US buy-up firm advised by Neil Woodford takes control of British biotech investor

Simon Freeman
·3-min read
<p>Neil Woodford is advising Acacia</p> (REUTERS)

Neil Woodford is advising Acacia

(REUTERS)

A US private equity group advised by fallen star stockpicker Neil Woodford has taken control of a leading British life sciences investment firm following a short, sharp boardroom coup.

The chairman and a long-standing board member at Arix Bioscience have been forced out to be replaced by a trio of new directors nominated by California-based Acacia Research Corporation.

Acacia began publicly agitating for change in governance at Mayfair-based Arix last month, having taken a 19% stake in the venture capital firm as part of its acquisition of Woodford’s life sciences portfolio in 2019.

Today it announced that executive chairman Naseem Amin had left Arix with immediate effect. Long-standing board member Professor Trevor Jones, 78, has agreed step down at the next AGM, it said.

The restructure specialist had accused the board of Arix, which counts restaurant tycoon Richard Caring and biotech entrepreneur Sir Christopher Evans among backers, of presiding over "uncontrollable tumult" which has seen 18 different directors in five years.

Its nominee Peregrine Moncreiffe has now taken the role on non-executive chairman, while Acacia directors Maureen O’Connell and Isaac Kohlberg will become non-executive directors.

Robert Lyne, currently chief operating officer, will step up interim CEO as the company recruits a permanent boss.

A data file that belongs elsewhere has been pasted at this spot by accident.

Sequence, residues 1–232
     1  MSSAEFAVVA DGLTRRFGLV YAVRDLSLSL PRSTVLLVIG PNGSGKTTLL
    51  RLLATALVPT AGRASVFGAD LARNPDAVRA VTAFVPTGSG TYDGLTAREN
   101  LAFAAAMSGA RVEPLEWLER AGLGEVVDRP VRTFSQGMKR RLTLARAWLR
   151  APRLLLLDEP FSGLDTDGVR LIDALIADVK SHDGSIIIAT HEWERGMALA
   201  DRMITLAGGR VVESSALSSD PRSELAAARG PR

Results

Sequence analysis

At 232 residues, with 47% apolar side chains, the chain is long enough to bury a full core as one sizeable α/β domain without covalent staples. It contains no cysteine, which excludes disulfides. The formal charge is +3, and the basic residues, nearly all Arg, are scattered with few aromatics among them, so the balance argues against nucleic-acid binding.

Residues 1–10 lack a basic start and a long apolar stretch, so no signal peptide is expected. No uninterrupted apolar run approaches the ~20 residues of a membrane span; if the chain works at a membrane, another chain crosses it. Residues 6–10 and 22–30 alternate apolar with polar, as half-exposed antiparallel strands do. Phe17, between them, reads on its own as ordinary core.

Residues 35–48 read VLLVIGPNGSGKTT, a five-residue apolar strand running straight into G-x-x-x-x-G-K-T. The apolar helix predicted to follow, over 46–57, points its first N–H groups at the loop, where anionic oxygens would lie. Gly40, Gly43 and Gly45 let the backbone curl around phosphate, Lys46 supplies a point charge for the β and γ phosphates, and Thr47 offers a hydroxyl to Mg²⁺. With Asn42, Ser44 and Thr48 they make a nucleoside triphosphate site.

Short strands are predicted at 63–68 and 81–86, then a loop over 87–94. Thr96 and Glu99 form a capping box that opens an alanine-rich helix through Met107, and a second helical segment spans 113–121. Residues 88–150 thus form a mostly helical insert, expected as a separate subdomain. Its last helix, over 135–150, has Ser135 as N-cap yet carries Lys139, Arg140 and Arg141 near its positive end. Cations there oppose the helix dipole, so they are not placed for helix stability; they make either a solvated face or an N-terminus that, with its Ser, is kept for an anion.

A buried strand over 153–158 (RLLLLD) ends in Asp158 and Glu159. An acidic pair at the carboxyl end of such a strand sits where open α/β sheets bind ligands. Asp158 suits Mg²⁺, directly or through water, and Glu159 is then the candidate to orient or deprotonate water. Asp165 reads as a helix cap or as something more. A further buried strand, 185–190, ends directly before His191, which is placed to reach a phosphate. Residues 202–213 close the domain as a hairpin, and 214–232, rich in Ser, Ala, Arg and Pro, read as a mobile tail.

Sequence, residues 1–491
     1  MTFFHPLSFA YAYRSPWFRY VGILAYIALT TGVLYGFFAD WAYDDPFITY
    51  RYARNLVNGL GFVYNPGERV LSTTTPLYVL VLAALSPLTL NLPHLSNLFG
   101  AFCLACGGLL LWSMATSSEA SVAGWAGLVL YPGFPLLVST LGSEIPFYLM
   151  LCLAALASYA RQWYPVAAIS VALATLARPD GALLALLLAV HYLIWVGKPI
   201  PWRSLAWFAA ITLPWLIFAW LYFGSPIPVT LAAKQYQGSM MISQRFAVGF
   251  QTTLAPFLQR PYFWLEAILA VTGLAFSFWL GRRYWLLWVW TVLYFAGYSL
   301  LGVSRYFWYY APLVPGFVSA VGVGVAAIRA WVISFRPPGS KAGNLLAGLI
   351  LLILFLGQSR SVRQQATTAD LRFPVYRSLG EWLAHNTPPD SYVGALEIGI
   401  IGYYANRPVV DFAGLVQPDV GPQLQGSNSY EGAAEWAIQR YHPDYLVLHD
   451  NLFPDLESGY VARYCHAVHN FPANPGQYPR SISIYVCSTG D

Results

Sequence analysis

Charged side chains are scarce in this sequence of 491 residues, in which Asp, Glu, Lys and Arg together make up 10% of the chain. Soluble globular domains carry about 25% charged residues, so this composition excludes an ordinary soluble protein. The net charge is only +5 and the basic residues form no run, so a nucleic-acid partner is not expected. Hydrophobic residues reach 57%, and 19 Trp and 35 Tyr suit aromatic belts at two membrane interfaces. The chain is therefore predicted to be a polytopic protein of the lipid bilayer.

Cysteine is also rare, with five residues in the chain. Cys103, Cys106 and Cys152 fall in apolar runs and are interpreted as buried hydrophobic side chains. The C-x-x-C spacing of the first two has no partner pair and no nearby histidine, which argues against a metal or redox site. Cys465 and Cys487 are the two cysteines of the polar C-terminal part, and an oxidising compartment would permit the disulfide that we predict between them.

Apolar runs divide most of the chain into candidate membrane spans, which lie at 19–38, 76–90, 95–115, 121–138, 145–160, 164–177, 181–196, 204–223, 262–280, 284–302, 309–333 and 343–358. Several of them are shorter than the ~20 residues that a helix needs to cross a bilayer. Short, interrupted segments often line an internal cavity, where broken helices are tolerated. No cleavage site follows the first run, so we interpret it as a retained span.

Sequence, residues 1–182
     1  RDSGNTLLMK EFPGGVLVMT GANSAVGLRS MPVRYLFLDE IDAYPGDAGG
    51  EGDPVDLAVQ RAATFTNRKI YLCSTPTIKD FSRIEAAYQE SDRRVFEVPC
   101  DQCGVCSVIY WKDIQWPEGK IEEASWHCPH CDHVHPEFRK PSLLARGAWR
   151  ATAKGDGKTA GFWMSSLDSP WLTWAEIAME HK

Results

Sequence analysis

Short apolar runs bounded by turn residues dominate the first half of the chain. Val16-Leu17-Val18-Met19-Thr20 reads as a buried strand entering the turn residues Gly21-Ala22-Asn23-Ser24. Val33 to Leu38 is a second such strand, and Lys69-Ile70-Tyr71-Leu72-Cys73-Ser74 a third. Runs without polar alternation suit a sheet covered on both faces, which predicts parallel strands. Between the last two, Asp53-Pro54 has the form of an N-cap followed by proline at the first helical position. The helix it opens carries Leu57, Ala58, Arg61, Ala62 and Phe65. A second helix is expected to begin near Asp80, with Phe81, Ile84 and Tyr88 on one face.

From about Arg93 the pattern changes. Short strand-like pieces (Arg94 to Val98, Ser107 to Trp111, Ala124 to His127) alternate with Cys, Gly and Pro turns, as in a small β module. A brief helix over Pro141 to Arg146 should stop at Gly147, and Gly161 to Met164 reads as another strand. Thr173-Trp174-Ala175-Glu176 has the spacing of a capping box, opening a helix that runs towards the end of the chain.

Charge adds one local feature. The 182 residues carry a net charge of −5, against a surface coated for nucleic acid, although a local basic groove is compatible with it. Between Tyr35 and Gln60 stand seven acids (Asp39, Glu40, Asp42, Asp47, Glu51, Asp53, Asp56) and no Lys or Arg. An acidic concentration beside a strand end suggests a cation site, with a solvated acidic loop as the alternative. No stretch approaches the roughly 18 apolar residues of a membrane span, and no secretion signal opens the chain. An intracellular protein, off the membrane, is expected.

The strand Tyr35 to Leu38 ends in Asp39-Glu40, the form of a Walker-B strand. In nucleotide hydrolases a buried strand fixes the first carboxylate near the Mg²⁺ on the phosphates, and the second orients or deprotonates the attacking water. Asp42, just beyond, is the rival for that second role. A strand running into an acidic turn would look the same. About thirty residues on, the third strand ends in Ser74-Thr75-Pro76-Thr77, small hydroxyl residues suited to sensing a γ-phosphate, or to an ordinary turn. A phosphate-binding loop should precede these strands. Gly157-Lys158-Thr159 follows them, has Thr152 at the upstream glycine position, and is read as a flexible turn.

Acacia - which is understood to have been working with Woodford since last summer - said the appointments were made without need for a formal shareholder vote.

Moncreiffe was generous in his tributes to the departing board members saying: “Naseem has brought a sharper focus to portfolio management, concluded two highly promising new investments and established clear targets for the financial returns to our shareholders.

“I would also like to wish Trevor well after a long period of loyal service to the company. He will leave Arix in a strong position, looking to the future with optimism and with greater governance stability.”

Woodford’s involvement with Acacia reportedly came as a surprise to Link Fund Solutions, the company that oversaw his Woodford Equity Income Fund and took control of its assets following its collapse in 2019.

Acacia has since bought more than a dozen of stocks which Link is in the process of selling off to claw back millions of pounds still owed to investors.

One of those holdings, Oxford Nanopore, this month announced plans to float resulting in Woodford investors missing out on a potential £200 million windfall.

Link said it only became aware that Woodford was an adviser to Acacia from an article published by the Sunday Telegraph in February.

He announced his comeback and new business venture WCM Partners - a biotechnology fund registered in the Cayman Islands - to surprise and consternation in some corners of the City.

While he is said not to be advising on Arix, it is believed the firms bought up by Acacia from Link are likely to form the cornerstone of the new venture.

At the time of the announcement Clifford Press, CEO of Acacia, said: "Neil Woodford has financed an extraordinary number of British life-sciences companies over the last 20 years. The scope of his involvement with these companies is unmatched in the UK.

"He was the most successful portfolio manager for many, many years and I can tell you, in the course of my investment career I've met a few of the really legendary investors, and when I met Neil I knew I was standing in the presence of a truly exceptional investment manager."

Arix today said its AGM due next month had been ‘unavoidably delayed’.

A statement on its website said: “It will be held as soon as possible and, in any case, no later than 30 June 2021. A further announcement will be made in due course.”

Read More

AstraZeneca boss hits back in vaccine row as shares soar

GSK pins recovery on rivals’ jabs after pandemic hit to drug sales

Covid test firm Abingdon’s shares crash 30% amid government cash row